Jeff Daniels is no stranger to the Carolina Hurricanes bench, having played and coached for the Canes in the past.
He’s also happy to be going back behind it.
The Hurricanes announced Monday that Daniels, 49, has been named an assistant coach for new head coach Rod Brind’Amour, completing the coaching staff. Assistant coach Steve Smith and goaltending coach Mike Bales return from last year's staff under former coach Bill Peters.
Daniels has been serving a director of pro scouting for the Hurricanes, and said he will continue in the short term to assist general manager Don Waddell as the Canes assess players who may be available, either through trades or free-agent signings.
“i really enjoyed the scouting part of it,” Daniels said Monday. “I got a chance to watch the game differently. But I always said you miss being in the fire, that competition.
“When you’re in it, it’s stressful with the ups and downs. You get out of it and you miss that. You miss the competition and competing to win and game-planning and all that. Being at meetings recently and watching Roddy (Brind’Amour) prepare for the job and listening to him talk got me excited.”
Soon after Peters announced he was resigning as coach, leaving after four years to become head coach of the Calgary Flames, Brind’Amour publicly stated he wanted to be considered for the head-coaching job. Brind’Amour had been a Canes assistant for seven years, first under Kirk Muller and then Peters, and believed he was ready to take the step up and be a head coach for the first time.
Brind’Amour talked to several candidates for the assistant’s job, but Daniels was always high on the list. The two were teammates on the 2002 Hurricanes team that reached the Stanley Cup final, and Daniels an assistant on the 2006 Stanley Cup champions captained by Brind’Amour.
The two have experienced the highs of the sport -- Daniels won a Stanley Cup as a player with the Pittsburgh Penguins in 1992. Both are determined to pull the Canes out of the rut that has seen the team miss the playoffs nine straight years.
“I’ve talked with Roddy and this is kind of personal for us,” Daniels said. “We’ve seen it when the team has done well and we want to get back to that.”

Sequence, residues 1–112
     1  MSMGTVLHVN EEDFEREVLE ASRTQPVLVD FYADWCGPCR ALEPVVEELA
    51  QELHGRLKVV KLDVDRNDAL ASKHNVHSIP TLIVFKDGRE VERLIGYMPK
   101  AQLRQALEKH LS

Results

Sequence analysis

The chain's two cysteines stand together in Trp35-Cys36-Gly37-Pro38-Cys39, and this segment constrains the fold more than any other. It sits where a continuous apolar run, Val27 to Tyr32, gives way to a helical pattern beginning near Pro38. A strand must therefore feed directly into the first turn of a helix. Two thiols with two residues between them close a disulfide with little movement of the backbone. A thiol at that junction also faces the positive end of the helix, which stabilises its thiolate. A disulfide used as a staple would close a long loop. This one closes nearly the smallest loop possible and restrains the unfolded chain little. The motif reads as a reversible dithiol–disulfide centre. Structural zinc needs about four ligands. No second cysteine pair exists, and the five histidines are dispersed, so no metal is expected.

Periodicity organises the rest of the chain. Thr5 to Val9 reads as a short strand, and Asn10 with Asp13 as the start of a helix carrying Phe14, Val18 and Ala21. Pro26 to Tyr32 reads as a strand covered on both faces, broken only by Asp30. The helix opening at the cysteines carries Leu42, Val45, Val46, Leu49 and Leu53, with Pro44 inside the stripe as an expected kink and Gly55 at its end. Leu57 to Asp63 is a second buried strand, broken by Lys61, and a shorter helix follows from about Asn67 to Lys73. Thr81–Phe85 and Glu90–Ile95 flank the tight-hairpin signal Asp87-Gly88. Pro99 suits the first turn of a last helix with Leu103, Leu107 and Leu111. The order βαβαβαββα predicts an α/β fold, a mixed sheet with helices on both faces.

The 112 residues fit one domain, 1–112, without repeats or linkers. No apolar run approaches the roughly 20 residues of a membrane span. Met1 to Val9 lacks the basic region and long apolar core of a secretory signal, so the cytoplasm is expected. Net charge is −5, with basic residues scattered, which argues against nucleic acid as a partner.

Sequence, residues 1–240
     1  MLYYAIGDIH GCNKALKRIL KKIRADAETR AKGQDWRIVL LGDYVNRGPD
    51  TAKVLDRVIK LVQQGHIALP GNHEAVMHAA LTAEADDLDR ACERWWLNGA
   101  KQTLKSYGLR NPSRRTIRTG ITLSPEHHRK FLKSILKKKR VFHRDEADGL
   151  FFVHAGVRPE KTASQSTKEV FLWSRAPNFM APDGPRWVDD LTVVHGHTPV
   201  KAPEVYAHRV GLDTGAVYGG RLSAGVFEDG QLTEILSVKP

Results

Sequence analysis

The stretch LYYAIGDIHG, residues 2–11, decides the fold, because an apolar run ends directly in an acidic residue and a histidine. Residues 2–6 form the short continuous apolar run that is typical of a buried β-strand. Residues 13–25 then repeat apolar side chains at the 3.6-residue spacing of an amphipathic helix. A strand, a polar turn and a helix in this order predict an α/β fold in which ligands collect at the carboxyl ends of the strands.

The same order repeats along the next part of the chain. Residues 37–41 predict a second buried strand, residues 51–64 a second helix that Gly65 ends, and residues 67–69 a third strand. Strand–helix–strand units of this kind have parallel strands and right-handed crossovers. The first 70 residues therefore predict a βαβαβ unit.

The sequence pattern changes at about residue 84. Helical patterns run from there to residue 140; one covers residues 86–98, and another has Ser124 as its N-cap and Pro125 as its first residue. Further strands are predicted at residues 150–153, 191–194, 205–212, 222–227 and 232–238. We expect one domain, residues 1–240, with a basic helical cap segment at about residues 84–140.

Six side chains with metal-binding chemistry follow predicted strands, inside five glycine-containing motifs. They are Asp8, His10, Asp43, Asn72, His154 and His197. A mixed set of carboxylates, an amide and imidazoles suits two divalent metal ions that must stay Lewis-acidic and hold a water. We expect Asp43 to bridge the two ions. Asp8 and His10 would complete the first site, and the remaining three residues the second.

Asked why Brind’Amour should make a good head coach, Daniels said, “Right away, the respect. I think that’s the key. He’s got the respect of the players from what he did during his career but also the respect from guys watching him work, day in and day out, as an assistant.
“They know he’s an extremely hard worker. They know he’s not going to ask them to do anything he didn’t do when he played. He’ll be fair with them and honest with them. Bottom line, you need everybody to buy into what Roddy will be selling and everybody on the same page.”
Daniels said he gained invaluable experience in being a head coach at the American Hockey League level, guiding the Canes’ AHL affiliates in Albany, N.Y., and then Charlotte from 2008 to 2015. He had a seven-year record of 268-225-51.
“No matter what level, you have more responsibility, you have the final say,” Daniels said. “You get feedback from other coaches but as the head coach you have to make the decisions. There’s a lot of interaction with players, meetings and stuff.
“It helps you grow as a coach. As much as you think you know what’s going on, something’s always going to come up you haven’t dealt with before. At that level, it’s no different than as a player. You’re down there to learn and learn from your mistakes and try different things.”
Daniels said he’s not sure yet about his duties with the Canes. Brind’Amour, for example, handled the power play for Peters. But all that will be sorted out.
“I’m totally in, and whatever he wants me to do I’ll be on-board to do,” Daniels said.